Myocardial contrast echocardiography revealed normal perfusion in 28% (n = 90) of akinetic segments, “patchy” perfusion in 8% (n = 26), and a perfusion defect in 63% (n = 203). The combined end point of either normal or patchy perfusion predicted segmental recovery of function with a sensitivity of 69%, specificity of 85%, positive predictive value of 74%, negative predictive value of 81%, and overall accuracy of 78%. In addition, the mean wall motion score index at follow-up was significantly better in perfused segments, compared with segments with a perfusion defect (Fig. 2).
Low-dose dobutamine echocardiography revealed contractile reserve in 27% (n = 87) of segments. Contractile reserve predicted recovery of function with a sensitivity of 50%, specificity of 88%, positive predictive value of 72%, negative predictive value of 73%, and overall accuracy of 73%. In addition, the mean wall motion score index at follow-up was significantly better in segments with contractile reserve, compared with segments lacking contractile reserve (Fig. 3).
Concordant test results (perfusion defect and lack of contractile reserve or perfusion and contractile reserve) were identified in 74% of segments (Fig. 4). Concordant results further enhanced the overall diagnostic accuracy, with a sensitivity of 67%, specificity of 93%, positive predictive value of 81%, negative predictive value of 86%, and overall accuracy of 85%.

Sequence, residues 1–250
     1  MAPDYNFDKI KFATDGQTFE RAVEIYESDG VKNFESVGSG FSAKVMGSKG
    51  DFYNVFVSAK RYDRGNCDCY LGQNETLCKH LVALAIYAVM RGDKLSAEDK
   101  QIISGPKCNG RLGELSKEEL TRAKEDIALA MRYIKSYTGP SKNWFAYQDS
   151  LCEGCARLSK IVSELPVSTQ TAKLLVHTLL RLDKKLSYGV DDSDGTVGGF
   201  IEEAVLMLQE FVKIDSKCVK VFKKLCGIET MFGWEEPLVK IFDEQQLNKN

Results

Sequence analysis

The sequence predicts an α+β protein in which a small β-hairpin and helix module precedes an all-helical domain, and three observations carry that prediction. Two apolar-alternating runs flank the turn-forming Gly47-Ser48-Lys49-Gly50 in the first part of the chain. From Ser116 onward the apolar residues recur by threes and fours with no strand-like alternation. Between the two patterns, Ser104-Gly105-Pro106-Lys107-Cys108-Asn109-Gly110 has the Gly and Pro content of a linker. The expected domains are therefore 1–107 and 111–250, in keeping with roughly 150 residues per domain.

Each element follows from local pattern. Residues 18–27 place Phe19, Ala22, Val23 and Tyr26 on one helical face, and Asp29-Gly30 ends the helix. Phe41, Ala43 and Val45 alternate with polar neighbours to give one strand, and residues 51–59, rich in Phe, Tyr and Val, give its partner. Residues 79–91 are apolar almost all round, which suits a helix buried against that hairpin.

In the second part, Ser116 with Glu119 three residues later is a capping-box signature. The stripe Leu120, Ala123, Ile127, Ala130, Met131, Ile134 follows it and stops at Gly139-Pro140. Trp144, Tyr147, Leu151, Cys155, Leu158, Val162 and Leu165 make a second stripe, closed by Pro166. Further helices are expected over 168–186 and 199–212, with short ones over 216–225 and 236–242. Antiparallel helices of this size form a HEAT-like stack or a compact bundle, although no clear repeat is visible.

Fifteen (33%) of the 46 perfusion studies were reviewed for intraobserver and interobserver variability for perfusion or no perfusion within akinetic segments. Intraobserver and interobserver variabilities were 22% and 26%, respectively.
Residual LV function after acute MI is a primary determinant of long-term survival (16), and patients with a significantly reduced ejection fraction are subject to increased post-MI complications. Thus, differentiation between stunned and necrotic myocardium early after infarction may aid in risk stratification, identifying patients at increased risk of congestive heart failure, ventricular tachycardia, and death. In this study, we have shown that MCE compares favorably with LDDE in detecting stunned myocardium and predicting spontaneous recovery of LV function. In addition, concordant MCE and LDDE test results occurred in the majority of myocardial segments, further enhancing the overall diagnostic accuracy.
Comparison with previous studies
Ito et al. (17) first used MCE to define “no-reflow” after mechanical or pharmacologic revascularization in patients with an acute anterior wall MI. When using an intracoronary injection of contrast agent, there was a lack of contrast effect in the infarct zone (despite anterograde flow in the LAD by angiography) in 23% of patients. This predicted a lack of functional recovery and increased postinfarction complications (18). Recently, we (8) and others (9–11) have extended these findings, using intravenously injected contrast agents to identify “perfusion-contraction mismatch” early after MI.